When I said I loved this movie that did not mean the movie was perfect, flawless, or the graetest movie ever made. Not at all. Cameron's worse and almost unforgivable mistake in this movie was to present both sides (na'vi vs RDA) in complete black and white. Through interviews, media like the "Activist guide..." and other opinions from fans of the film, one can see that Cameron wanted to prove that techonology can be used to preserve and understand the natural world, or to destroy it completely. Not a very original message, but a little far from the typical "green" philosophy nowadays. However, the black and white nature of the movie make the audience believe that techonolgy is all wrong, and trees are all good. I liked the na'vi culture on the film, but a lot of people and fans don't seem to realize it is a "romanticized" view of many south american or african tribes. As far as I liked the movie, I would hate to live on a tribe in the middle of the jungle, but most likely, they'll just shoot me on sight before I put a foot in their village.

In the same fashion, Cameron did not want to show humans as immoral, cruel beings who only seek to destroy. Rememeber Doctor Augustine (a little bland for my taste). Human, who wanted a peaceful coexistence with between both cultures, she even had a school to teach english to na´vi children( Jake's character is a little more complicated on this part, so I will write about him later) Human nature posseses both traits, we can preserve, protect, or destroy and conquer, but un my opinion Cameron lost a part of his old genius and didn't explote this reflection as he should've had.

Anyway, this are some of the opinions I had about the movie. I will post others later, after reading your own comments and opinions.

Thanks for reading!

Edited by Raiven
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  • 1 month later...

Raiven,

Welcome! I like your piece. We see eye-to-eye on this one. This is one of my favorite movies, regardless of the message from its creator. What I took from it, mostly, was a property rights issue. The "evil" corporations were exploiting land for resources which did not belong to them. Their best efforts failed and they took the low road in driving out the Na'vi from their homes. Clearly, this is not laissez-faire capitalism. It is greed driven by desperation. The actions of two men (Parker Selfridge and Colonel Quaritch) drove the conflict. They were essentially hoping it would fail to show their true strengths. Not all of RDA backed them, but most did (herd mentality).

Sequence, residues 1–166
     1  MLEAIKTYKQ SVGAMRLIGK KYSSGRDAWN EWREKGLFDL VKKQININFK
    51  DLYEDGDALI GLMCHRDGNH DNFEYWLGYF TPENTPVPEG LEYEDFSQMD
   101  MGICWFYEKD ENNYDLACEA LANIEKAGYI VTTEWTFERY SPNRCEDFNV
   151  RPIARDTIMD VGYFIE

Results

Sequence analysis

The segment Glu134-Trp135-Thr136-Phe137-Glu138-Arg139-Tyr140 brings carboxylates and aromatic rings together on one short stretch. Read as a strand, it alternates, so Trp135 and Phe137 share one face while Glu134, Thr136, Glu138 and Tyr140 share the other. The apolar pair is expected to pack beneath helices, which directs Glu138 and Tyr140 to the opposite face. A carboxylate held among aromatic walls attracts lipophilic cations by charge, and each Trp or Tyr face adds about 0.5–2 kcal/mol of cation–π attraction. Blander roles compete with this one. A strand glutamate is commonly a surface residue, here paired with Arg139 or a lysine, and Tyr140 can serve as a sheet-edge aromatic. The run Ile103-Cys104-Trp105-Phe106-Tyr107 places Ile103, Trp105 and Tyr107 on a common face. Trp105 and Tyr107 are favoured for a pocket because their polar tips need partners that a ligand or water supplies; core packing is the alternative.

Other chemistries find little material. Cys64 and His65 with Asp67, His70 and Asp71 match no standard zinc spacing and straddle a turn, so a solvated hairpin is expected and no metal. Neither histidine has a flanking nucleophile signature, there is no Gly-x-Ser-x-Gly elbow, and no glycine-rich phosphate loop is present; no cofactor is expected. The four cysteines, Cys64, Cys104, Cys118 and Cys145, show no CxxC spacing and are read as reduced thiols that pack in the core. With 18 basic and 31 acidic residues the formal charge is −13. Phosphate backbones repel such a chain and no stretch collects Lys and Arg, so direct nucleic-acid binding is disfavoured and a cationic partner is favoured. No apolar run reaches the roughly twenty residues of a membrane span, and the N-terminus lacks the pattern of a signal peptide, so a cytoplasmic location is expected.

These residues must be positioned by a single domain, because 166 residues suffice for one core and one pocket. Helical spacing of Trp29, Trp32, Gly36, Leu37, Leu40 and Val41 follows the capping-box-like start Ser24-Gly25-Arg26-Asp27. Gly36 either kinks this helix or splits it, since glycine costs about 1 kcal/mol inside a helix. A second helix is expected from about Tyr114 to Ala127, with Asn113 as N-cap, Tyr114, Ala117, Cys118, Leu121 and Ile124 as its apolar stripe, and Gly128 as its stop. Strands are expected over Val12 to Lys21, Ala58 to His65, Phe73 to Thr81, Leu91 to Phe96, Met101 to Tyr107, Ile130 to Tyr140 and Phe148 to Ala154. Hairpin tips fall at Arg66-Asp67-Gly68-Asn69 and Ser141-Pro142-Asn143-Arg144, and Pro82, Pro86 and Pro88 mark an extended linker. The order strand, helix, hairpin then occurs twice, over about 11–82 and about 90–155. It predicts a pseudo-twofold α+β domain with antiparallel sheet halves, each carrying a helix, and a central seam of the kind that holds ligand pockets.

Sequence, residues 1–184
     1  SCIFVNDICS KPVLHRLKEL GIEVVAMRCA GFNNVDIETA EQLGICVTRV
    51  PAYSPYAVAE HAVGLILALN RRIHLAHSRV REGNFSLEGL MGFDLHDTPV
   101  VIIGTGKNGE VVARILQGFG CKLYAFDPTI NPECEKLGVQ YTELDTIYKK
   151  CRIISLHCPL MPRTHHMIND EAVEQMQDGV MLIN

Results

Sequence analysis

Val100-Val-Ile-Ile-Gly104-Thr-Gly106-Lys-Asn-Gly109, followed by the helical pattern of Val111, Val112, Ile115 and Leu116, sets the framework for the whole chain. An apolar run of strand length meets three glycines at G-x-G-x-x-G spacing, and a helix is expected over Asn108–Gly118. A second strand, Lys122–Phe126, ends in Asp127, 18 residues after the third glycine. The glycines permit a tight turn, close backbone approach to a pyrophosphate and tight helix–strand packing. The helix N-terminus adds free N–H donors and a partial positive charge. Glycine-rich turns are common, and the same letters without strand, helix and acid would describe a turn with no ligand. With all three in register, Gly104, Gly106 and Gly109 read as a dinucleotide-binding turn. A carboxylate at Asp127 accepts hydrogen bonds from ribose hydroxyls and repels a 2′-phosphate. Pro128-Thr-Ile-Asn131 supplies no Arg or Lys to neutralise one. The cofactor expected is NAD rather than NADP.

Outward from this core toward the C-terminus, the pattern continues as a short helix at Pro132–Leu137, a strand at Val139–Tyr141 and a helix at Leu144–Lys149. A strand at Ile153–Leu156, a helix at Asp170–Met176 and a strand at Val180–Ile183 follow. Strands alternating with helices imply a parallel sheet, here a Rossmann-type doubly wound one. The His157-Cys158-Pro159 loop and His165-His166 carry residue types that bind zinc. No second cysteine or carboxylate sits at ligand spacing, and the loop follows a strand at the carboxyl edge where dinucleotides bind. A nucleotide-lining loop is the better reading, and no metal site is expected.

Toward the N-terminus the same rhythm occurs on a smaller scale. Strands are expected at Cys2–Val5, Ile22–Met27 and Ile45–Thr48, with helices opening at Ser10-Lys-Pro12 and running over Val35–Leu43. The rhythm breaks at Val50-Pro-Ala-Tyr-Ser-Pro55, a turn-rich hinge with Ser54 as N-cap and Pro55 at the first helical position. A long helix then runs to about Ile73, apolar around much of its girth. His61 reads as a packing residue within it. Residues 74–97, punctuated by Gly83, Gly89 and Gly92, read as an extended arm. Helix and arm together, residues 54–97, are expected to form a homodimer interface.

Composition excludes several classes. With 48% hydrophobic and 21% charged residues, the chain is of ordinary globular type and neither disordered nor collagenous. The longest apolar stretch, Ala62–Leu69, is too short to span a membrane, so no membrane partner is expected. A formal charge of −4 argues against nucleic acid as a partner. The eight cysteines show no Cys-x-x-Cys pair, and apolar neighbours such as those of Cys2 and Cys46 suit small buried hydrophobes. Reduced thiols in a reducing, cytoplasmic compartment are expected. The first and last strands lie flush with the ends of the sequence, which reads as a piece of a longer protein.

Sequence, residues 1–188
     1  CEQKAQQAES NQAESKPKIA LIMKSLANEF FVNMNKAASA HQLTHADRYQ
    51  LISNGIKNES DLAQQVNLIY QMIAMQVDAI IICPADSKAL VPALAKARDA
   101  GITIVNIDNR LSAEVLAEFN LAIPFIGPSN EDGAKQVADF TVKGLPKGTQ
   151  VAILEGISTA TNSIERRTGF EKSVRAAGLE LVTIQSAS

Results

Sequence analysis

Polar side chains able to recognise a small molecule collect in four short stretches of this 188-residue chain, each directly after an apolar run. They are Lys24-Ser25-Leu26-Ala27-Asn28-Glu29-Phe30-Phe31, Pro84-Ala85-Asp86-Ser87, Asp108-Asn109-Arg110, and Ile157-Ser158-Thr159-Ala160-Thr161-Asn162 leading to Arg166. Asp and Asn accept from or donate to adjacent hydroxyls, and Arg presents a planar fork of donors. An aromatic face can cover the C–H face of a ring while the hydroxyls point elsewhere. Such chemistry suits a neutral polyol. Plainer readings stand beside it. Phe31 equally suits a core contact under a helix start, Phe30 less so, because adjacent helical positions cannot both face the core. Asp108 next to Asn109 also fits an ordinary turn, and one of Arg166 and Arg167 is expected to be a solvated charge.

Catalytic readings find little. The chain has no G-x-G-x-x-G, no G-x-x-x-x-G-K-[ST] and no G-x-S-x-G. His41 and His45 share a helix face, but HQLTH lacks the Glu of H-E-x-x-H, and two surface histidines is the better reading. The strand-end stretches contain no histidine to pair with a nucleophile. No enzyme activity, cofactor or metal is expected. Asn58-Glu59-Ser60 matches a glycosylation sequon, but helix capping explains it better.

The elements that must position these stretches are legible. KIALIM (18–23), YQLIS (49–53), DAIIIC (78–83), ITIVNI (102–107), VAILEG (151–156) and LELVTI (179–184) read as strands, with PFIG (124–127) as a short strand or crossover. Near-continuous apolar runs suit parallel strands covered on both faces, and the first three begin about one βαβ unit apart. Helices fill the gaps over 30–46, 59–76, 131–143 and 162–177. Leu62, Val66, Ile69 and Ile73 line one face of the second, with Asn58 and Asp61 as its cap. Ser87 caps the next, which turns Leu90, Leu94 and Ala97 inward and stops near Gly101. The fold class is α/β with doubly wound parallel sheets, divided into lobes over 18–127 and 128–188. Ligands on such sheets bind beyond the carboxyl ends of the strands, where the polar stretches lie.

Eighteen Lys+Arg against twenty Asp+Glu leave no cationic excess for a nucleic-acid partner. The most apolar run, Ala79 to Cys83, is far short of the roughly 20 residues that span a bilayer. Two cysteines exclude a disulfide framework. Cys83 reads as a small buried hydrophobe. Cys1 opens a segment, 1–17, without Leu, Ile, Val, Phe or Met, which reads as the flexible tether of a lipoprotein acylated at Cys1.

Great movie, great scenes... a great work of art. Each side will see their own message, but this movie clearly has many to accomodate a wide audience.

~ Shane

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The movie is brilliant from a technical effects viewpoint. Even stunning.

The story is old hat, trite and banal. White Man vs. Noble Savage.

I have seen it before, many times.

Ba'al Chatzaf

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The movie is brilliant from a technical effects viewpoint. Even stunning.

The story is old hat, trite and banal. White Man vs. Noble Savage.

I have seen it before, many times.

Ba'al Chatzaf

Agreed. Some folks still need to be told, though. Maybe one day it will sink in. Doubtful. 3D version rocks. But I do think this movie did a better job at telling it. And for that alone, this movie will be memorable, for me.

~ Shane